The subject of toxic (or “poisonous”) divisional applications was a popular topic of discussion in the IP world at the end of 2013. Since then, it seems that the discussion has gone quiet. Here we review the concept behind toxic divisional applications and give some further thoughts on whether it is a mere academic theory or whether it has real, practical implications for patent applicants.
The theory behind a toxic divisional application can be exemplified as follows. Suppose that a first “priority application” is filed relating to a device comprising a spring. Subsequently, a European patent application is filed (which we will refer to as the “completed application”), claiming priority from the first application and relating to the device comprising a spring and, in addition, describing the device more generally as a device comprising a resilient member. Suppose, further, that during prosecution of the completed application, a divisional application is filed with the same original text as the completed application (i.e. a device comprising a spring and a device comprising a resilient member). Also, the completed application is then granted with a claim relating to the device comprising a resilient member.
The question then arises whether the validity of the completed patent could be challenged (e.g. in an opposition) on the grounds that its divisional application is valid prior art against it. This might initially sound absurd but the logic of the idea is that a divisional application has no special standing under the EPC; it is merely another European patent application which has the effective filing date of its parent application. There is nothing in the EPC per se which says that a divisional application cannot be cited against its parent patent (or, for that matter, vice versa).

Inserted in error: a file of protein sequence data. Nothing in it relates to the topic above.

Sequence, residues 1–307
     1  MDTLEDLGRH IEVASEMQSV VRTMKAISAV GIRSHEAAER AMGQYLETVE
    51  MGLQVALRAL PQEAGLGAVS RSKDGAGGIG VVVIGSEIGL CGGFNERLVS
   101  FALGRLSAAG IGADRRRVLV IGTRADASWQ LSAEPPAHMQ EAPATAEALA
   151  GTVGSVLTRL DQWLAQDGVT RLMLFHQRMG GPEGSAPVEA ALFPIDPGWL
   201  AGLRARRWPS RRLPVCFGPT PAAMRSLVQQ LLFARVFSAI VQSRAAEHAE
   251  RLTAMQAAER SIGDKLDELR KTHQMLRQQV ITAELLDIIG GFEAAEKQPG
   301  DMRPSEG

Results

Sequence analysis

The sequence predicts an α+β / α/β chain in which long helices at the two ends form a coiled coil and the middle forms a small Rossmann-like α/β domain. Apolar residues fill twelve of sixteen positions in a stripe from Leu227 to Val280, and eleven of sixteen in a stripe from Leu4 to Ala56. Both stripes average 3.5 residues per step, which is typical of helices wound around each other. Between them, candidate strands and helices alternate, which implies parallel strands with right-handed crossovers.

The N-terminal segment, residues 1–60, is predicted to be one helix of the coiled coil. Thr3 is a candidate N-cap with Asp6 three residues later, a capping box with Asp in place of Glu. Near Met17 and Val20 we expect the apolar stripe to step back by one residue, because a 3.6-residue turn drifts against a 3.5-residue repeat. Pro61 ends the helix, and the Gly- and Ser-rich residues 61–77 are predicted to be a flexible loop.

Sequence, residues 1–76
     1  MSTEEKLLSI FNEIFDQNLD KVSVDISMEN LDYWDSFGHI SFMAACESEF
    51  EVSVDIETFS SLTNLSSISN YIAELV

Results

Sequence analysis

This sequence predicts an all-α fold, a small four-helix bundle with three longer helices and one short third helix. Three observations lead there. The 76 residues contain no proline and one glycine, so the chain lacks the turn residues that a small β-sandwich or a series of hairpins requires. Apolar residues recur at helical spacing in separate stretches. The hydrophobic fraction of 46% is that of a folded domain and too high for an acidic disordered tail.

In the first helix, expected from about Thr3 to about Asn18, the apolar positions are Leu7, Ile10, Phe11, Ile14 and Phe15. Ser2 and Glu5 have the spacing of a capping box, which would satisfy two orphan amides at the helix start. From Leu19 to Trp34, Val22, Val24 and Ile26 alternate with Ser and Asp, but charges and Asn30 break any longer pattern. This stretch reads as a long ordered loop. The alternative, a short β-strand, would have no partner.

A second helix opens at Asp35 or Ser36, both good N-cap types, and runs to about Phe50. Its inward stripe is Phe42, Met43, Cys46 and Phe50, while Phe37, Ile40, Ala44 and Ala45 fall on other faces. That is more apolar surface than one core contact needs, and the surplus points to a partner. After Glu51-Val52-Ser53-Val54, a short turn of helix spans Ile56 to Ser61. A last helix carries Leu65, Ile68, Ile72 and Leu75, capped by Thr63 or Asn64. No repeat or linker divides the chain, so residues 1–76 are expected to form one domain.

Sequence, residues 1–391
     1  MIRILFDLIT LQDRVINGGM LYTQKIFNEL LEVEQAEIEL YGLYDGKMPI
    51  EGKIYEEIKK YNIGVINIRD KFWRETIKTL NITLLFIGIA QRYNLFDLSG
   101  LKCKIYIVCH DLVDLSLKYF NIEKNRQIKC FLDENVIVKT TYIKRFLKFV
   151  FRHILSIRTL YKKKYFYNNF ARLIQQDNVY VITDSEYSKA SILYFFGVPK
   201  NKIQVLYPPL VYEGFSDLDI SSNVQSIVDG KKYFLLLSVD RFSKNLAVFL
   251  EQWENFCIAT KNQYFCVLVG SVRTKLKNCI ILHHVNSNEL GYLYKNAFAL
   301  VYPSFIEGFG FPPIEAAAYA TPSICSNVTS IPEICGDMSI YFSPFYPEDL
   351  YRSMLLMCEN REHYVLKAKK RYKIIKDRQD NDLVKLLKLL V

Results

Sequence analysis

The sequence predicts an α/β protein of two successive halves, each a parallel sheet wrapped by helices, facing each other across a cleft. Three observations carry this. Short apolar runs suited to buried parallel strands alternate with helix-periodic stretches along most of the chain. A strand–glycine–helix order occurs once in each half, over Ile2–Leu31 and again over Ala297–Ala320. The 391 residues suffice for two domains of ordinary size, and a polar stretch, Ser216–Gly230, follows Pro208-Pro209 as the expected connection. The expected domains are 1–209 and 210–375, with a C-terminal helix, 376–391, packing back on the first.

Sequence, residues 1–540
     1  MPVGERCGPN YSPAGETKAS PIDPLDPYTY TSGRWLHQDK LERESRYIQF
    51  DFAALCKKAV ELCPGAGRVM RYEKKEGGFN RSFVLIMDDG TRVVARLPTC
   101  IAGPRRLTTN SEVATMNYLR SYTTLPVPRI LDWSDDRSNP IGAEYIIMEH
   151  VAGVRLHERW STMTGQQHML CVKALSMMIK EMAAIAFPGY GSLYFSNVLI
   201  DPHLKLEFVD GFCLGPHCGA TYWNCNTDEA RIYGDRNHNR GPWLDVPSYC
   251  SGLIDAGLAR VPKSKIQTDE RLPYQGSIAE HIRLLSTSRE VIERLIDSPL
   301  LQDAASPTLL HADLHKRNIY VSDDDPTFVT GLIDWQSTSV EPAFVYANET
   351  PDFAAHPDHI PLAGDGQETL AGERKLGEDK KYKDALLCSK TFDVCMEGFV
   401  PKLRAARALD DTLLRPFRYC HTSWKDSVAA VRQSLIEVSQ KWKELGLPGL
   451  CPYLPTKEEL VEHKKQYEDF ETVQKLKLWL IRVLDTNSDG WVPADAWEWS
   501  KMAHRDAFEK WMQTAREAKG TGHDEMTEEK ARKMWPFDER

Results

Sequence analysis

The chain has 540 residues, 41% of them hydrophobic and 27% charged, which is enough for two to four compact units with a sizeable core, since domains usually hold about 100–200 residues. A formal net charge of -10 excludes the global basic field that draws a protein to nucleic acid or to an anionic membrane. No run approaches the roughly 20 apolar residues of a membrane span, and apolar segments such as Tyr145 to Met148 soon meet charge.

The concept also relies on the EPO’s case law on the consideration of entitlement to priority (principally in EPO Enlarged Board of Appeal Decision G2/98). The analysis goes as follows. The completed patent in our example, above, has a claim to a device comprising a resilient member. Its priority application did not disclose such a broad concept; it only disclosed a device comprising a spring. Therefore the claim in the completed patent is not entitled to the claimed priority date; it is only entitled to the filing date of the completed patent because “a device comprising a resilient member” was first disclosed in the completed application.
On the other hand, the divisional application contains a disclosure of the device comprising a spring and it claims priority from the priority application which also disclosed the device comprising a spring and therefore the disclosure in the divisional application of “a device comprising a spring” isentitled to the claimed priority date. Furthermore, the disclosure of the device comprising a spring falls within the scope of the claim in the completed patent which relates to a device comprising a resilient member since a spring is a type of resilient member.